Arista Brings Cognitive Networking to Enterprise

NEW PRODUCT DETAIL: Arista, best known as a data center networking vendor, is bringing its advanced capabilities to the campus edge.


Arista Networks has taken the cover off its Cognitive Networking for the wired and wireless campus edge. Arista, started by Sun Microsystems co-founder Andy Bechtolsheim, quickly rose to prominence a little over a decade ago on the strength of its strong data center and cloud networking products. Trends like distributed applications, cloud connectivity and a rise in east-west traffic shot complexity up.

For the record, east-west traffic refers to data traffic within a data center, such as server-to-server traffic. North-south traffic is client-to-server traffic, data that travels between the data center and the rest of the network, or anything outside the data center.

Arista took a radical approach to the data center by flattening the layers and shifting the value from hardware to software. The company has many products built on a wide range of silicon but has a single operating system to make network operations.

MoJo gave Arista a running start at the campus edge

Last year, Arista stepped out of its comfort zone of the data center and acquired WiFi vendor MoJo Networks, giving it an edge campus networking play. In actuality, Arista had entered the broader campus market a few months earlier with the launch of its campus core products, but MoJo pushed its presence to the edge. One could argue the campus core is an extension of the data center, because it’s only one step removed, so the feature set of those products is aligned with the data center.

Arista unveils new wired and wireless campus edge products

At this week’s event, Arista announced some new products that extend Arista’s reach to the wired and wireless edge. Details of the products include:

  • WiFi 6 access points (APs): The C-250 APs include all the standards-based features of the new wireless standard, including 8x8 MU-MIMO and OFDMA. The APs include a 2x2 dual band 3rd radio that provides a continuous telemetry stream that can be used for manageability. WiFi troubleshooting remains a huge headache for companies, and Arista applies machine learning to the data to find insights in the data that couldn’t be found through manual analytics. Arista’s CloudVision management tool shows information such as WiFi client journey, network health, connectivity information, analytics and proactive remediation to ensure that the wireless experience is always high quality.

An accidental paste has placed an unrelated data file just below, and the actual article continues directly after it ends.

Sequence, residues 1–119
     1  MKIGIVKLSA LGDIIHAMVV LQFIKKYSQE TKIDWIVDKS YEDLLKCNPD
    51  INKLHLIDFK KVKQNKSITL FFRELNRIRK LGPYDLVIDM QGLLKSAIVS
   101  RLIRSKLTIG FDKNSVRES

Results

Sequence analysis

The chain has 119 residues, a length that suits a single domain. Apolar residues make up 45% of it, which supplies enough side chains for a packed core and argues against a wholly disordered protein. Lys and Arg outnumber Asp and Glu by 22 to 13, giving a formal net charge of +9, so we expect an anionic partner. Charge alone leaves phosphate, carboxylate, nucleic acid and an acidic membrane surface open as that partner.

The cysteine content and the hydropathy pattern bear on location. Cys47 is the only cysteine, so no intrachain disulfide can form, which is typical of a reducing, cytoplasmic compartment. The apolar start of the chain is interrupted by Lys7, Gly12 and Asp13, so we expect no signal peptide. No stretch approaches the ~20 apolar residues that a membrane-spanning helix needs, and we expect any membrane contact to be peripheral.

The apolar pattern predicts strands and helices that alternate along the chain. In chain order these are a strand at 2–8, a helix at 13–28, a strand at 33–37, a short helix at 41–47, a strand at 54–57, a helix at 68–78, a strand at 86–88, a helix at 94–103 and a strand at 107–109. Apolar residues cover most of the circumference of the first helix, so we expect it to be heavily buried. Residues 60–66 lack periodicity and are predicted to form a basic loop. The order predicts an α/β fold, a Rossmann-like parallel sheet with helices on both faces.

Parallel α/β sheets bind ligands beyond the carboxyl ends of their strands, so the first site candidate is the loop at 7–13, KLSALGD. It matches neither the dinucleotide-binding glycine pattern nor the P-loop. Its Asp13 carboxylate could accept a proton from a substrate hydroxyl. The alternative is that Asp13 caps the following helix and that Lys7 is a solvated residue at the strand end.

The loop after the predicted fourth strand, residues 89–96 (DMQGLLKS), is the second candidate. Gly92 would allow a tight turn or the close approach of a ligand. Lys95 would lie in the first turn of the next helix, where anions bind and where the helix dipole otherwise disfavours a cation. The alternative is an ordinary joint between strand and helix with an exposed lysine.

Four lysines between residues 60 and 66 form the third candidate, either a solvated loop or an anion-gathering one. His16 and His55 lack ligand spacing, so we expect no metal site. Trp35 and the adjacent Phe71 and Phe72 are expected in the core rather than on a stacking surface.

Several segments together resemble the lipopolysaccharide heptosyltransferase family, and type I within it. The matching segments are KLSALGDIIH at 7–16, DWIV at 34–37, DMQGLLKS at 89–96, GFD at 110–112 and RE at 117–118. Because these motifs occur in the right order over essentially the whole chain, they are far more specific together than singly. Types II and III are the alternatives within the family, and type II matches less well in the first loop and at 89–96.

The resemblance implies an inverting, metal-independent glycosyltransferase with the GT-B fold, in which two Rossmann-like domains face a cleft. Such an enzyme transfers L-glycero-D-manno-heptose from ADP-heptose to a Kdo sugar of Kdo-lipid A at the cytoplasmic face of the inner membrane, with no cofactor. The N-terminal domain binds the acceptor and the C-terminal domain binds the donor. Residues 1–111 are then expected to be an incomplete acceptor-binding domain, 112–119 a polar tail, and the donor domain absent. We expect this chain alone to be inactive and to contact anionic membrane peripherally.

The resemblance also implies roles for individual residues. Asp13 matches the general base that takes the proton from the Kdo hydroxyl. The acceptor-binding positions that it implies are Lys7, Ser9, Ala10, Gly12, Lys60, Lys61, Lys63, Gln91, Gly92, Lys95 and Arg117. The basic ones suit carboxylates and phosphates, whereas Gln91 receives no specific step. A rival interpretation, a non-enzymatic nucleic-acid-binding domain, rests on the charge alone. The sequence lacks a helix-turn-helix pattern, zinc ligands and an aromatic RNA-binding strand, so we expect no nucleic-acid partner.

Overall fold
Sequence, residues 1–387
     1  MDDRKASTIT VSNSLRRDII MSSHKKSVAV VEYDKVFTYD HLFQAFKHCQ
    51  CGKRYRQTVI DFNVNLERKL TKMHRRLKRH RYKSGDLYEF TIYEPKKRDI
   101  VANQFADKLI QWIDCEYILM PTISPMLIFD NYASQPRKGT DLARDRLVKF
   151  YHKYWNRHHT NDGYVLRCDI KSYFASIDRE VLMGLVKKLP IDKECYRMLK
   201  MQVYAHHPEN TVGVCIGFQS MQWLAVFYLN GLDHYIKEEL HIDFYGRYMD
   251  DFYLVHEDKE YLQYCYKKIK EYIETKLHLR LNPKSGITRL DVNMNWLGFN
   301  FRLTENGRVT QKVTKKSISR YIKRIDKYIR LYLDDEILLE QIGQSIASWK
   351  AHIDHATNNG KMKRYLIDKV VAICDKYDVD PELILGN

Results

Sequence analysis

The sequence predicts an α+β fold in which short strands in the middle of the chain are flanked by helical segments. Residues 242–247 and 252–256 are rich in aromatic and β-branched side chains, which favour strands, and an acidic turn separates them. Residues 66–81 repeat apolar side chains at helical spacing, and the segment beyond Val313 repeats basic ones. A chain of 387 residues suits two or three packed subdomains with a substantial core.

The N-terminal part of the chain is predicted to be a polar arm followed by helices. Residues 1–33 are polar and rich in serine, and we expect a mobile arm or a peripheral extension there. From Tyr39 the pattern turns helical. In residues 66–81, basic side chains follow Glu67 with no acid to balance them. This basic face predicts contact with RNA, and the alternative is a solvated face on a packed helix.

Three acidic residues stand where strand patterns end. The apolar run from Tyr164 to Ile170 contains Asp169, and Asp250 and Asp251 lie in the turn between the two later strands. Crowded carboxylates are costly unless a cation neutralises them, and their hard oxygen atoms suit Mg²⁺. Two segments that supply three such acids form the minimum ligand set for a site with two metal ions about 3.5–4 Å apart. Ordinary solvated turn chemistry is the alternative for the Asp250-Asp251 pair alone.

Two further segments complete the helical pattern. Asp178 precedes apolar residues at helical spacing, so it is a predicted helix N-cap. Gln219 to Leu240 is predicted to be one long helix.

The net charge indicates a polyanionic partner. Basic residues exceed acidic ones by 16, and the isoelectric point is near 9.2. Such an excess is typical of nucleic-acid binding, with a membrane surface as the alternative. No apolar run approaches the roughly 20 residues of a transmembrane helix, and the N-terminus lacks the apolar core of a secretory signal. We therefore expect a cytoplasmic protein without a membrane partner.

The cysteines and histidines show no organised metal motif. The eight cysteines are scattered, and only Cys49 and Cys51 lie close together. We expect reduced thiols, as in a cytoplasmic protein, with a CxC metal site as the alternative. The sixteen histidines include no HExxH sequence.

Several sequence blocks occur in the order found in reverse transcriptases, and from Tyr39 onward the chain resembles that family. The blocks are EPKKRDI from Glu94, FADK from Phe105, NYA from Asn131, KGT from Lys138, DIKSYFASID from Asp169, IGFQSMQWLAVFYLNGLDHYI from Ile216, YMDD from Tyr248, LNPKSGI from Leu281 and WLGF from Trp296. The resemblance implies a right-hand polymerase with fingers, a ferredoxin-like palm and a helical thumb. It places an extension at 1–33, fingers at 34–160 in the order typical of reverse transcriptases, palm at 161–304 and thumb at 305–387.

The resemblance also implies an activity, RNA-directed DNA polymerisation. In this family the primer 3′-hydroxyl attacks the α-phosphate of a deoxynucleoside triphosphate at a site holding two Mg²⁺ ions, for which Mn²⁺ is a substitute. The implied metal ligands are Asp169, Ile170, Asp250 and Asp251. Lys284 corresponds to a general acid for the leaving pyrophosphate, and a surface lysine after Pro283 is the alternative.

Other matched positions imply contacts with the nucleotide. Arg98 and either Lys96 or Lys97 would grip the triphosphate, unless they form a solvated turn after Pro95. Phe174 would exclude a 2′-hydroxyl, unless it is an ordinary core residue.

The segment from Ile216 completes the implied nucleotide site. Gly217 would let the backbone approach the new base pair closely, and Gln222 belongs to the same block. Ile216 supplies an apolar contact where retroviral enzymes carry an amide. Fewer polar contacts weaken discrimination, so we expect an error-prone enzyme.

• Campus leaf switches: Arista’s campus architecture is the same leaf/spine (or spline as Arista calls it) design as found in the data center. The campus core products introduced in 2018 act as the spine and this week it announced its first campus leaf switches. The 720XP series come in four fixed configuration models and include features such as multi-gig access (2.5 GB and 5 GB) and up to 60 Watt PoE. They also offer a choice of uplink speeds, including 25, 40 and 100 GB).

New Cognitive Network features added to CloudVision

The 720XP Series run Arista’s EOS operating system and can be managed through CloudVision. As part of the launch, Arista introduced a number of new features into the portal including:

  • Device Analyzer to inventory all endpoints. Uses deep flow analysis to monitor performance and proactively find security threats.
  • Cloud-like operations, including workflows to automate change controls and reduce maintenance windows.
  • Network access control integration via standard RADIUS solutions as well as a standards-based group-based segmentation approach with VXLAN and EVPN
  • Wireless mobility and roaming, leveraging integrated VXLAN tunnel termination instead of legacy controller-based options.
  • Expanded device support to manage PoE usage through CloudVision’s dashboards.
  • End-to-end Troubleshooting and visibility in a single tool by leveraging CloudVision’s network-wide database

Arista’s move to the campus edge does raise the question of whether businesses should care. The company spent years mastering the data center. Does that translate to the edge? A decade ago, I would have said it doesn’t, but times have changed.

Years ago, the further the network equipment was away from the data center, the less time and attention was spent doing due diligence. This made sense, because most users had their data and applications on their computers, and the network was for updating information.

The new 720XP Series switches, the C-250 WiFi 6 APs and the new CloudVision capabilities are in field trials and will be generally available in calendar Q3 for 2019.

On a related note, earlier this week Arista announced a hybrid cloud offering where EOS is integrated into Microsoft’s Azure and Azure Stack. The solution inserts EOS operating system as a transit gateway at the virtual network edge for multi-cloud networking. This creates consistent connectivity and networking between the on-premises and cloud resources. The integration also extends network segments to edge location using Azure’s virtual WAN features.

Hybrid clouds will likely be the norm for most organizations, and the Arista-Microsoft partnership masks much of the complexity in creating seamless connectivity between the private and public environments.

Zeus Kerravala is the founder and principal analyst with ZK Research. He spent 10 years at Yankee Group and prior to that held a number of corporate IT positions.